Magazine article American Libraries

Technically Speaking: Winners and Losers in the LMS Market

Magazine article American Libraries

Technically Speaking: Winners and Losers in the LMS Market

Article excerpt

In the fourth quarter of 2003, library management system (LMS) vendors reported 87 sales resulting in new customers and 31 same-vendor migrations from legacy systems. Yet only 22 (roughly 25%) of new customer sales were libraries that converted from in-house noncommercial systems or were newly automated; the other 75% were just switching vendors. These figures confirm that the LMS market is a "mature" one with little real growth. Let's go behind the overall numbers and see what's cooking.

Looking closer at the 22 libraries that were first-time entrants into the LMS commercial market, we see that only 10 of them (45%) were located in the United States. And of those 10, TLC sold seven. In this quarter at least, TLC was the only vendor still newly automating U.S. libraries in any substantial way.

Only seven LMS vendors have made a significant number of sales. (See a sampling of sales announcements below.) Of those seven, Ex Libris, Sirsi, and Dynix had a mixture of U.S. and non-U.S. sales. Endeavor, TLC, and GIS Information Systems sold predominantly or exclusively to U.S. libraries. VTLS sales, on the other hand, were predominantly to non-U.S. libraries.

Innovative Interfaces had been just treading water this past quarter until the company announced a contract with the University of North Carolina at Chapel Hill in late December. TLC had the highest number of sales at 18; however, all but two were to relatively small libraries. In terms of the value of new contracts, Ex Libris, Endeavor, Sirsi, and Dynix led the pack, each acquiring between 10 and 14 new customers each.

These relatively equal sales figures get more interesting when customers lost are factored in. Ex Libris and Endeavor acquired 12 and 10 new customers respectively, and neither lost a single client to another vendor. Notable sales for Ex Libris were Duke University and the 23-campus Virginia Community College System. Endeavor bagged UCLA and the University of British Columbia. TLC was the only other vendor among the top sellers that did not lose any customers.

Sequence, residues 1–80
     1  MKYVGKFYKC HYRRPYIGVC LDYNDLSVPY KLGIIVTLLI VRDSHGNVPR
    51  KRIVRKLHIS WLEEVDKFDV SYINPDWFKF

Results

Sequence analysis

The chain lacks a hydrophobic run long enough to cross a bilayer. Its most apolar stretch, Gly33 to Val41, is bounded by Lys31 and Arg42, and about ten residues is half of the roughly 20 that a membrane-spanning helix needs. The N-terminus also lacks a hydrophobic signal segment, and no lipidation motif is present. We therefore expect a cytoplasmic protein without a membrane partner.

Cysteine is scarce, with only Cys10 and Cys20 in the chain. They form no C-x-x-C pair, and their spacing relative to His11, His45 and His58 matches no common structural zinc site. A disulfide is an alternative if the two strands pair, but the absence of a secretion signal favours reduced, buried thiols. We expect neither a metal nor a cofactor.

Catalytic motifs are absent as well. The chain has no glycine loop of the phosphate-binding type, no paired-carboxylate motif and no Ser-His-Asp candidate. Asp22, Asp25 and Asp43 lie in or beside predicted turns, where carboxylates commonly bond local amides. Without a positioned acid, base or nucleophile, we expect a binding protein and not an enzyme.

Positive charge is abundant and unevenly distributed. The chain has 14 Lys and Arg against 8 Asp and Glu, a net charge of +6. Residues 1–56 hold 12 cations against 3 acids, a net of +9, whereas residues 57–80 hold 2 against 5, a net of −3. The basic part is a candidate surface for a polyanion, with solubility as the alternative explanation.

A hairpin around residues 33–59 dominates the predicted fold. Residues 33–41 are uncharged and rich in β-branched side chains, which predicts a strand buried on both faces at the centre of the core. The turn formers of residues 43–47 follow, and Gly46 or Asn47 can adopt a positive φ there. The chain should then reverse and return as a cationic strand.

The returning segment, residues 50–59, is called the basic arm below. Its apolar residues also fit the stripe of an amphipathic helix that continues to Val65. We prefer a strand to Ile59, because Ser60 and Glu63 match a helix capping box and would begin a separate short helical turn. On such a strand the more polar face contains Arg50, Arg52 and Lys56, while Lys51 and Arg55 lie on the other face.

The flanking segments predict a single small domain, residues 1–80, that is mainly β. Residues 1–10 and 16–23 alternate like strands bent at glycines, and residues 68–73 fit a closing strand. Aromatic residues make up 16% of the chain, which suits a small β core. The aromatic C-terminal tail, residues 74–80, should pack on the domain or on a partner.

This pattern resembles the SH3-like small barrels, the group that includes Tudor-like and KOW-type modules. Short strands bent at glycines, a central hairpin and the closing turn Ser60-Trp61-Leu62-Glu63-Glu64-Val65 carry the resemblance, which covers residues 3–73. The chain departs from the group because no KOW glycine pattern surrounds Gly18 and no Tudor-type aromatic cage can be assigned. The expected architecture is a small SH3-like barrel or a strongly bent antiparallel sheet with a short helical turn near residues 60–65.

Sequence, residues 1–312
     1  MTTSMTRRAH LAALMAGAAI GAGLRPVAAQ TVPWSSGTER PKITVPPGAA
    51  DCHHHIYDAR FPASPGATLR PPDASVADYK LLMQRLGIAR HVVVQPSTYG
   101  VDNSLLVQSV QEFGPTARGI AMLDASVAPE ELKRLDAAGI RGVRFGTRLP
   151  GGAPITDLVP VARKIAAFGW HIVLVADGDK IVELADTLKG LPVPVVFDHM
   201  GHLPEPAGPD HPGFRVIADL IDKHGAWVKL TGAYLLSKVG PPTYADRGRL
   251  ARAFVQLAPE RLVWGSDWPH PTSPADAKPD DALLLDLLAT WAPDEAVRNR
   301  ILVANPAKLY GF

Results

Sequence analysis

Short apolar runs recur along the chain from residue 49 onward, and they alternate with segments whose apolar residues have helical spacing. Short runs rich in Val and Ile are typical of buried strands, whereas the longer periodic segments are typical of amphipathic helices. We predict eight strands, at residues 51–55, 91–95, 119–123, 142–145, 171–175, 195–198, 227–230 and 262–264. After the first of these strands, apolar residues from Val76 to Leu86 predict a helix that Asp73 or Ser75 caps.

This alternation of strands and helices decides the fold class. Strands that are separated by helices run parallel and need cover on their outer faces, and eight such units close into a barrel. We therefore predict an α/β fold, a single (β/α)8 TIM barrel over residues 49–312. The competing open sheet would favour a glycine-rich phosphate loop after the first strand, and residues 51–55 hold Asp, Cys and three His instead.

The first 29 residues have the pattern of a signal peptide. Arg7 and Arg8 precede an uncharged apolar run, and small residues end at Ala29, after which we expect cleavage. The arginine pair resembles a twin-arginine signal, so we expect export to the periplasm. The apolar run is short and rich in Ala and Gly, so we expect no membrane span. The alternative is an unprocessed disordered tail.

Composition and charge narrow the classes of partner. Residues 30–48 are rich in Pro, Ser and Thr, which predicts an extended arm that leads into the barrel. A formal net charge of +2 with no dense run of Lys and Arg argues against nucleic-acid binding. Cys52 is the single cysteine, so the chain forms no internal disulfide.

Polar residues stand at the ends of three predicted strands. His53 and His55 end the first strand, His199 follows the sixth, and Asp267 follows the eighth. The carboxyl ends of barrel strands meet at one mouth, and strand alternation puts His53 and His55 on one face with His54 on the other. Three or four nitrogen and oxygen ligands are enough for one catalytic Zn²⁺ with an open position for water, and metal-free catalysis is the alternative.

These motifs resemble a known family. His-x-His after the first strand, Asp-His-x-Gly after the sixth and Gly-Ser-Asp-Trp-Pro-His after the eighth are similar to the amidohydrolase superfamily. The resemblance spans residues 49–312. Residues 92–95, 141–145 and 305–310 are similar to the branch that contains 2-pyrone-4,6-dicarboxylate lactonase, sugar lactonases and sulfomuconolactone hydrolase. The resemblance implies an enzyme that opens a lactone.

Sirsi's big challenge in the past few years has been to combine sales to new customers with migrating its large installed base of DRA customers to Unicorn. In the new installation department, Sirsi did very well, obtaining 14 new customers, including Cincinnati Public and Kitsap. They also managed to migrate six customers from DRA to Unicorn. Yet during this same period, the company lost UCLA, Duke, UNC at Chapel Hill, and the University of British Columbia, as well as 10 small-to-medium-sized DRA customers, to other vendors.

Dynix, which still has more customers than any other vendor, is also trying to keep its huge installed base of Dynix ILS Customers from switching to the competition. It signed on 12 new customers, including Pasadena and Glendale Public in California, and migrated 12 others to Horizon, including Philadelphia University and three school districts. The company lost eight Dynix ILS customers, including Kitsap, to other vendors.

The Polaris system of GIS made a respectable showing this quarter with four new sales and eight migrations from Galaxy. The company lost only two Galaxy systems to competitors. VTLS did better in this past quarter than it has done in a long time, gaining nine new customers and losing only one VTLS Classic customer to another vendor.

One thing the numbers fail to show is the increasing importance of new products and services outside of the catalog-centric core modules of the traditional LMS. To a much greater extent than the accompanying list of sales indicates, a very large percentage of sales involve such new services as OpenURL linking services, federated search services, enhanced content sales, portals, ILL and delivery services, and RFID systems. The focus of the market has evolved from catalog-centric systems to broad information management and retrieval systems and services.

Contracts and agreements

* Ex Libris sales of Aleph 500:

Duke University in Durham, North Carolina, replacing Sirsi DRA and Innovative Innovacq. …

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